Insurance Law between Business Law and Consumer Law

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The U.S. legal system has multiple and complex regulatory regimes for insurance which combine statutes, administrative regulations and common law rules. Regulation of insurance is predominantly done by the fifty states, and this increases the system’s complexity. The regulatory regimes generally divide the industry, the subject of regulation, from the consumers, which are to be protected, without regard for the status or sophistication of the insurance consumer. This article focuses on the role of insurance law and regulation within the legal system, and in particular the divide between business or commercial insurance and that provided for consumers, more commonly known as personal lines. The article is divided into six major sections: 1) economic aspects of insurance, 2) academic perceptions of the field, 3) procedural aspects, 4) legislation, 5) the distinction between consumer and commercial risks and 6) substantive aspects of consumer protection in insurance law.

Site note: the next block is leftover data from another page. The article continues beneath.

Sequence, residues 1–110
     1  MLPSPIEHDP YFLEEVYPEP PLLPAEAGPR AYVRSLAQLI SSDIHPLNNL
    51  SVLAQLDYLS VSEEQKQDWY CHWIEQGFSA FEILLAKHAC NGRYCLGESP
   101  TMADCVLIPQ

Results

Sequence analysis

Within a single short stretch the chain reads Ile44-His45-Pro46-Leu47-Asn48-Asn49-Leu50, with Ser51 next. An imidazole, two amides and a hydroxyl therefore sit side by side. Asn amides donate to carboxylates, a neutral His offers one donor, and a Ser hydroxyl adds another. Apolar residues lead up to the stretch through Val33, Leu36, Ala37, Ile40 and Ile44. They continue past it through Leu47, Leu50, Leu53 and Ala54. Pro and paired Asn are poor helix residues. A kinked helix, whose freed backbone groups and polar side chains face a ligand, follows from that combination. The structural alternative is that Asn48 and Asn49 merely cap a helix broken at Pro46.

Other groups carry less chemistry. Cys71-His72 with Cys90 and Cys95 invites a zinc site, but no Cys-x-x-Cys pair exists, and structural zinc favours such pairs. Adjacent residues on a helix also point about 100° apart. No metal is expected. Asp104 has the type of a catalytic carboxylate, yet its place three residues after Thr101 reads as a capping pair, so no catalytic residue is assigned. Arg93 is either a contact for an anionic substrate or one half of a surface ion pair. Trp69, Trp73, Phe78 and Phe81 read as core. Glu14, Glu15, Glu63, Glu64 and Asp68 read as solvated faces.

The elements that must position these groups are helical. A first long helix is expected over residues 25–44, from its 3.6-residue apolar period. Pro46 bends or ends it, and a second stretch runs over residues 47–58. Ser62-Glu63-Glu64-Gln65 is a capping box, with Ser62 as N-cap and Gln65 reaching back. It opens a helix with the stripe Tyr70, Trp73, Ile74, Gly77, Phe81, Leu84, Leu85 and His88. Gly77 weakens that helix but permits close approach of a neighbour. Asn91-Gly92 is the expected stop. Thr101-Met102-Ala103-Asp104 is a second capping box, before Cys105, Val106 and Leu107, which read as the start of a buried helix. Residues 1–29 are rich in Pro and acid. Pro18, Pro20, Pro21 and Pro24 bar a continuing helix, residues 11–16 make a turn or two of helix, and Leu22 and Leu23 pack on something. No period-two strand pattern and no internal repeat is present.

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American Journal of Comparative Law Supplement